A Heinrich event is one of the six events identified in 1988 by the German geologist Hartmut Heinrich. These events were identified in the North Atlantic using sedimentary layers specific to the ocean floor. On the ocean floor there are large quantities of detritus scraped off by glaciers. These six events, graded from H1 (most recent) to H6 (oldest), occurred during the last ice age. H1 is believed to have occurred about 15,000 years ago and H6 about 60,000 years ago. The time between two events is not regular and oscillates between 5,000 and 10,000 years. These periods are associated with global climate changes.
These deposits come from major break-ups that affected the large North American ice sheet and took place over quite short periods of time (a few centuries). Fossil analysis shows a depletion of flora and fauna, as well as a decrease in water salinity and a significant cooling of surface water by 2 to 6°.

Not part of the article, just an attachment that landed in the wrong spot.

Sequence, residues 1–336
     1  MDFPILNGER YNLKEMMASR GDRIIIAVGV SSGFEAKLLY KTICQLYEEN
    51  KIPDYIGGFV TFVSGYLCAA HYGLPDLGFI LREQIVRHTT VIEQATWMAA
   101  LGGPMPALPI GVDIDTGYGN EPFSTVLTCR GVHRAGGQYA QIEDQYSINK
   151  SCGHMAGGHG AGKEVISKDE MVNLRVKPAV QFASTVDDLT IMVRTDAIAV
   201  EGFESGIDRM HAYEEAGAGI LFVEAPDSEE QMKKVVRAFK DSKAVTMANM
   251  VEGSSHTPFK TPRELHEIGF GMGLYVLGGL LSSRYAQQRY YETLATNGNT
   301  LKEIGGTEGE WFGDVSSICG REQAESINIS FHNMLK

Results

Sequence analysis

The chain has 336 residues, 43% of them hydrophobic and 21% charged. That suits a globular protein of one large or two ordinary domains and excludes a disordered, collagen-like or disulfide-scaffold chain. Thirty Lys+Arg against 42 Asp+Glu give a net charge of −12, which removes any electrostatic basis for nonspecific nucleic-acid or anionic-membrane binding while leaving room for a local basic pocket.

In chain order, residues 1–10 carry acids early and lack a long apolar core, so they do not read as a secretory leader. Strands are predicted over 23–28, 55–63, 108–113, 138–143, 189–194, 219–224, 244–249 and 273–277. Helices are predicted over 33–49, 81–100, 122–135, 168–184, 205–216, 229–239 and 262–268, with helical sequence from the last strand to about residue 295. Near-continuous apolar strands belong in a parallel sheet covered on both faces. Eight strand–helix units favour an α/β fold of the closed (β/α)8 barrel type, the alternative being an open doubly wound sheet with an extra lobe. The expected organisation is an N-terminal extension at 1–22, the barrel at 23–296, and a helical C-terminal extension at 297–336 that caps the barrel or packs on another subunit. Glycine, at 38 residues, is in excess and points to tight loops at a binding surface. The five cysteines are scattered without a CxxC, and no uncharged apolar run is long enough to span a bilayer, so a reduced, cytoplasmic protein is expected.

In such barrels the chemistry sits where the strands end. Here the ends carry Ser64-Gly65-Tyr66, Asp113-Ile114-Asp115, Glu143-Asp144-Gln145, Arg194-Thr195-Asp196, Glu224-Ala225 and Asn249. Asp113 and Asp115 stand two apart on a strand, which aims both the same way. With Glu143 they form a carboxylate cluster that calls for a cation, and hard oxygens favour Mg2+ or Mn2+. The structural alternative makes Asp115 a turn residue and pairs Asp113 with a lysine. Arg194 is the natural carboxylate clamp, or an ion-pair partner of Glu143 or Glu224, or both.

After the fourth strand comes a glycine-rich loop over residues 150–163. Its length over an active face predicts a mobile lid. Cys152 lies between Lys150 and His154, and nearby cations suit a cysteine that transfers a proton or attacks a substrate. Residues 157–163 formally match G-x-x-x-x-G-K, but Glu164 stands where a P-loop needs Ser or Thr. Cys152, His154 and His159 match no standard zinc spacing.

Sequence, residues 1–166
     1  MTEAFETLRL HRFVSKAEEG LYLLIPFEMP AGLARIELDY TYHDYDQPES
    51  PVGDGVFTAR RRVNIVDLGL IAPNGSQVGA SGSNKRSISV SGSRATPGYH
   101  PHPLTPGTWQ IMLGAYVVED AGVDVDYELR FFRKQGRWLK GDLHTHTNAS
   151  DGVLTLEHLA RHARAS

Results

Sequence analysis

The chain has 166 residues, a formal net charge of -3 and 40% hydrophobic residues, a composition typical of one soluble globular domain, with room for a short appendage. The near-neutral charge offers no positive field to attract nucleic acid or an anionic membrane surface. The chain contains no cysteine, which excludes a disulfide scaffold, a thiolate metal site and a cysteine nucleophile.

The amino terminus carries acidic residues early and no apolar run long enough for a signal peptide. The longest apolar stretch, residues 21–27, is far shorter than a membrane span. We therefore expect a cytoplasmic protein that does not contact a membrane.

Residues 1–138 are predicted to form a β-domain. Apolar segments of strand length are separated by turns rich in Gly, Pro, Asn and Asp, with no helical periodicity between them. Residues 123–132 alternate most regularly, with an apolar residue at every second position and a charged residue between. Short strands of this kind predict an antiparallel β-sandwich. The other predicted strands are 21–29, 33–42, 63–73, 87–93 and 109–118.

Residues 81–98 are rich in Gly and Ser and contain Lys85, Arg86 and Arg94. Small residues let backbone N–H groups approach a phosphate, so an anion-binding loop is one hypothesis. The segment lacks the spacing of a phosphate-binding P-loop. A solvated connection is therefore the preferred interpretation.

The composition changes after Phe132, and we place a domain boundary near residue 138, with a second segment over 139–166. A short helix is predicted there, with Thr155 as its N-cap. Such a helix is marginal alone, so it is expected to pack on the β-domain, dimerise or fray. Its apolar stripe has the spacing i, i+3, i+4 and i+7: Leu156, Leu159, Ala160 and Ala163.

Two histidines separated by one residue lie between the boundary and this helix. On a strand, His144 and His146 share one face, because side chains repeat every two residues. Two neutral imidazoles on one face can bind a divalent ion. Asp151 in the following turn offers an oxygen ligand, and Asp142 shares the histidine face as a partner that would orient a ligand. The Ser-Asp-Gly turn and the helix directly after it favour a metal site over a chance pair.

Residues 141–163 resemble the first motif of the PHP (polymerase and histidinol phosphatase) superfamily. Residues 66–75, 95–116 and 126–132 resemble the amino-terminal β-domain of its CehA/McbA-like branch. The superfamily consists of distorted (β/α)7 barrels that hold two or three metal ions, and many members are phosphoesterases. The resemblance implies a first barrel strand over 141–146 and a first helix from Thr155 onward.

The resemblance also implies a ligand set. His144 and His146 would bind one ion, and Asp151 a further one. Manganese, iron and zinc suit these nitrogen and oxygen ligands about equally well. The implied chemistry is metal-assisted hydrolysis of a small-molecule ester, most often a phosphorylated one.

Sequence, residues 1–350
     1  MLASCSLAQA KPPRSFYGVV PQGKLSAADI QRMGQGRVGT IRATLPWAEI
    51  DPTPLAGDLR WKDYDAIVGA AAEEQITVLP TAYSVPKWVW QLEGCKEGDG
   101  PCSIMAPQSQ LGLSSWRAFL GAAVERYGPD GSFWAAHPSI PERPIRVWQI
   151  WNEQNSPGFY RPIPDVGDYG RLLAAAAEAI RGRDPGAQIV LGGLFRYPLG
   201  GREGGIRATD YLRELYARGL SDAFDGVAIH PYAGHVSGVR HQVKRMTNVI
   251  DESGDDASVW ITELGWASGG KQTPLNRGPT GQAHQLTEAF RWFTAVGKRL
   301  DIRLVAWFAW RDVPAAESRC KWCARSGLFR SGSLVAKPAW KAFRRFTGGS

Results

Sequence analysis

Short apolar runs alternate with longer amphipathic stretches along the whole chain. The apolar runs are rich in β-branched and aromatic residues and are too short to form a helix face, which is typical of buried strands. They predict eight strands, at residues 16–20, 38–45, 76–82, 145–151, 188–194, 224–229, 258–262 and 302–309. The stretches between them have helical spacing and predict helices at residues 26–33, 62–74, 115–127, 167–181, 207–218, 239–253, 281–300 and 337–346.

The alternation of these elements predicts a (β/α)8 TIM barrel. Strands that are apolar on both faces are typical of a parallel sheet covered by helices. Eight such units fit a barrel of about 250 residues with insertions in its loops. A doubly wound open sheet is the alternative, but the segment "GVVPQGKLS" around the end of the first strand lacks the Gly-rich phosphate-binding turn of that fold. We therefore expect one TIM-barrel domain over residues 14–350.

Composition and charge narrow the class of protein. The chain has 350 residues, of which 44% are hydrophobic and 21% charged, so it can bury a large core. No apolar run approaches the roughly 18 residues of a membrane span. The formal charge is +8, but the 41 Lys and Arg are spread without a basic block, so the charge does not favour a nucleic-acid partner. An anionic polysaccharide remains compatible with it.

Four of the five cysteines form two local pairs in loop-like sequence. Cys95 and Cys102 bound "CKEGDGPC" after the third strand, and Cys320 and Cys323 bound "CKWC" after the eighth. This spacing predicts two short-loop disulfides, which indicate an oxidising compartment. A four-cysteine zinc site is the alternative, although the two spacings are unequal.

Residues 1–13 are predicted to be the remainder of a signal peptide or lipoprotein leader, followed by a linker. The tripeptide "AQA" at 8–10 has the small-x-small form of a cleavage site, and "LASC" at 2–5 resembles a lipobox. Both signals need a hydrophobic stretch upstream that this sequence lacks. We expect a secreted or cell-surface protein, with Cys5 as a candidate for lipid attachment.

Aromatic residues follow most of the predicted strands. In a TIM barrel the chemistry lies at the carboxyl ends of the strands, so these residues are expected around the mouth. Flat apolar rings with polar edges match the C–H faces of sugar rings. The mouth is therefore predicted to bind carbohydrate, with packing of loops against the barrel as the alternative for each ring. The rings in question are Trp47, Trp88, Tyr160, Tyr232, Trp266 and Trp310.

During these periods, millions of cubic kilometres of fresh water must have poured into the Northern Atlantic, significantly modifying ocean currents both on the surface and in the depths.
The exact causes and mechanisms involved are still not clearly understood.